| Does Government Support Family Medicine Practice and Practitioners in India Like Some Other Countries Do?|| |
The National Health Policy 2002 by the Government of India identified "FM" as a focus area of human resource development.  However, implementation has been very slow. Several other policy documents by the government have talked about developing FM Training Programs - these include (a) Mehta Committee report, (b) NRHM task force on human resource in health, and (c) planning commission's 12 th plan paper on health forecasted requirement of 15,000 family physicians per year. 
| Are There Any Policy Decisions Which have Shown that Governments Want to Incorporate Family Medicine Practitioners in the National Health Schemes?|| |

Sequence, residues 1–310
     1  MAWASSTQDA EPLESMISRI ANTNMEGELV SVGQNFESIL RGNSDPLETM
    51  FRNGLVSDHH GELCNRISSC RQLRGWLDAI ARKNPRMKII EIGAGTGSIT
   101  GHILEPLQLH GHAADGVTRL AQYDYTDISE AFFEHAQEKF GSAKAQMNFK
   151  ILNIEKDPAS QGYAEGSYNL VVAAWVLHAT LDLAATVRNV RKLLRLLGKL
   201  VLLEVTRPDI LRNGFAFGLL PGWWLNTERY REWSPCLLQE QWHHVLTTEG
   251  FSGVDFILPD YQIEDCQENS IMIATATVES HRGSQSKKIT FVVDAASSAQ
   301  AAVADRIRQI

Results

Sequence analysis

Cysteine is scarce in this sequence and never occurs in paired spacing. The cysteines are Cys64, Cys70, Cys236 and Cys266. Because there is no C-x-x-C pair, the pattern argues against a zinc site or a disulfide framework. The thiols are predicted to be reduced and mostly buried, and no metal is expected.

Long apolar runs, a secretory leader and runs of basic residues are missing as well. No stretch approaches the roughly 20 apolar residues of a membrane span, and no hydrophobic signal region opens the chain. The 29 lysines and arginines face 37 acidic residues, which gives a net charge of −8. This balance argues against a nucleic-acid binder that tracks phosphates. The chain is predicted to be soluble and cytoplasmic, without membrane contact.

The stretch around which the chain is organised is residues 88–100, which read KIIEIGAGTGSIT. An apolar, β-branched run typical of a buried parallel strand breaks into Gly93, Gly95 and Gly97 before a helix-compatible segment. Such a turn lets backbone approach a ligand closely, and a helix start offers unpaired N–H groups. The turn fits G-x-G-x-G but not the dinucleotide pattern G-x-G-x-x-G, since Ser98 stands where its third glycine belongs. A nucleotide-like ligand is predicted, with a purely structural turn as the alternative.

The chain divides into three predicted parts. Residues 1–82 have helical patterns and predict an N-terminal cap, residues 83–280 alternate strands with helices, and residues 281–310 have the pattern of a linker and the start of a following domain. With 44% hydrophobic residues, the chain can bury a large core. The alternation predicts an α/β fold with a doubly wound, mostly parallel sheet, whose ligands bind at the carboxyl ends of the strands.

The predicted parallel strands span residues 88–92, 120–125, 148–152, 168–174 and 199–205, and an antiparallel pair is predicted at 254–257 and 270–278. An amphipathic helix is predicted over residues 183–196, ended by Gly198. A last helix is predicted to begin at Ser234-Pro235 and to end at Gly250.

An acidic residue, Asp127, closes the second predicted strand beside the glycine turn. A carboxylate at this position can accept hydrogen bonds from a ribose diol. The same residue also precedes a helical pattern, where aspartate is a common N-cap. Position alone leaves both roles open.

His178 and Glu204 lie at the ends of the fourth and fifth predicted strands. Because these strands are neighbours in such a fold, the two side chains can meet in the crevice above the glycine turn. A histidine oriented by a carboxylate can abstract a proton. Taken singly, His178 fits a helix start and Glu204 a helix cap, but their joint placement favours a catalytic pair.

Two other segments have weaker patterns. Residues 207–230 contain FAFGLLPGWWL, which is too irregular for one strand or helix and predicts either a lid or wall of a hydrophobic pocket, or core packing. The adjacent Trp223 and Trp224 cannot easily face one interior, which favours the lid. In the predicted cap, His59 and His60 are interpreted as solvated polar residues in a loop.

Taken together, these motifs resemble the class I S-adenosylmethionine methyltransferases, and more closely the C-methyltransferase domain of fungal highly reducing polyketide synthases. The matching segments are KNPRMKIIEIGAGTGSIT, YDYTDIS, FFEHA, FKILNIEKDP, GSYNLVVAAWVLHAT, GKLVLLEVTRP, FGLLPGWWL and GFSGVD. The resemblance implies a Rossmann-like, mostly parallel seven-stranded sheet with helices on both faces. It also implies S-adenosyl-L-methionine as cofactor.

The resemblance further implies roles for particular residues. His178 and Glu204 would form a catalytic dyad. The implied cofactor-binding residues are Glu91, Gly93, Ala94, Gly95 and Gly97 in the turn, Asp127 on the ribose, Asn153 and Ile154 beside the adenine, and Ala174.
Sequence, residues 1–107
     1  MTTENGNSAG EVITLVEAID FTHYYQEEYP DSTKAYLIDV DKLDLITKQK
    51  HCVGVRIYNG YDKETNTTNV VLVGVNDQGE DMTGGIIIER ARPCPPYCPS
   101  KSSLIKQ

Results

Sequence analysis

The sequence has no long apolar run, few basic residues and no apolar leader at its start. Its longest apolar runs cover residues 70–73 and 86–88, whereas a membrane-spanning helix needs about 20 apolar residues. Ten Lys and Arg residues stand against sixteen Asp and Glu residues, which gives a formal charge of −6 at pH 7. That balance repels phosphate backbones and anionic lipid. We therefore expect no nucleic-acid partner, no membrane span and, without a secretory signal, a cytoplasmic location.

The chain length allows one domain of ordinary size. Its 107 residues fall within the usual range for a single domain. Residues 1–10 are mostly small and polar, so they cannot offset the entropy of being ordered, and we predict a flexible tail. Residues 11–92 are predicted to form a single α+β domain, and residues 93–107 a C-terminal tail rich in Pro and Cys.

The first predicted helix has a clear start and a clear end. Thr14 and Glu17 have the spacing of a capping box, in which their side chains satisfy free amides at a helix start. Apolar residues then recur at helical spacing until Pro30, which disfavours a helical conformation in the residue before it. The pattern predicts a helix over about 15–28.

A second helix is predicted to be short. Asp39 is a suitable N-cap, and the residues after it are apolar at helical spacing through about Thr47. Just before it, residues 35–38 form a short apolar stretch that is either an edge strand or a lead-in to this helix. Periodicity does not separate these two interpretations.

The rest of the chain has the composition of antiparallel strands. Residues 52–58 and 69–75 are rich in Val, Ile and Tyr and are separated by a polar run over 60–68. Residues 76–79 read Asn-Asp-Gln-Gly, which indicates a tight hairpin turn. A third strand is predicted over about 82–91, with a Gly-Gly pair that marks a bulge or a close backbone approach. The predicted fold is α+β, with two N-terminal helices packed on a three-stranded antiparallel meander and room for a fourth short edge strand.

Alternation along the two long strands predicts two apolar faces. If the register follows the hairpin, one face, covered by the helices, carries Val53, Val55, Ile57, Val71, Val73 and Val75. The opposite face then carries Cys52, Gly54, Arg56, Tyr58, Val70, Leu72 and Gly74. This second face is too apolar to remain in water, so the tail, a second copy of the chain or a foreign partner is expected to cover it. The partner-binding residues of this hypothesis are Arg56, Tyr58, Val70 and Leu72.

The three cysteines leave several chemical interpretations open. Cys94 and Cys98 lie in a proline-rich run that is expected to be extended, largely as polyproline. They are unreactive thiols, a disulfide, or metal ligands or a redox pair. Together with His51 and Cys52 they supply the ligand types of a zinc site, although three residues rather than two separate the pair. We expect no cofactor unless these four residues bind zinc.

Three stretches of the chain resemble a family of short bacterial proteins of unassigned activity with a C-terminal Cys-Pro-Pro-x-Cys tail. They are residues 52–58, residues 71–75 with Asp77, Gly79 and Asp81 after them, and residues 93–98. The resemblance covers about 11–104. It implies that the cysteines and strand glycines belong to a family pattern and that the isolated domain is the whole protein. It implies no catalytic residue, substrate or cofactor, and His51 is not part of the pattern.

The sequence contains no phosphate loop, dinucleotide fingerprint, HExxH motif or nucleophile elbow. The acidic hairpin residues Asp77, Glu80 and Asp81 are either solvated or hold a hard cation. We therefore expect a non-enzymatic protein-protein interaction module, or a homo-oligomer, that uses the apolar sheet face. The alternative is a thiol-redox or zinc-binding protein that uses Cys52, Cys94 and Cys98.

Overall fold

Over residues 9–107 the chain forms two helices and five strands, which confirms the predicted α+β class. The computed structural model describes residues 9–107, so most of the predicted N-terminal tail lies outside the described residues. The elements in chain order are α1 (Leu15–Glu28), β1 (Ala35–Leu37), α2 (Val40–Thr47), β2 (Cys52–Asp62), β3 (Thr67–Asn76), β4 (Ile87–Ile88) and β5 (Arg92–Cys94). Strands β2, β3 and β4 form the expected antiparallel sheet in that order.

Yes! Health Secretary, Government of India, has written twice to the state governments to incorporate FM Program within the National Health Mission. At one point, Government of India also offered funds through NRHM to start MD/DNB FM Training Program. NRHM also has funded state medical officers for training in FM through CMC Vellore affiliated PGDFM program.
| What are the Benefits of Implementation of Government Policy on Family Medicine?|| |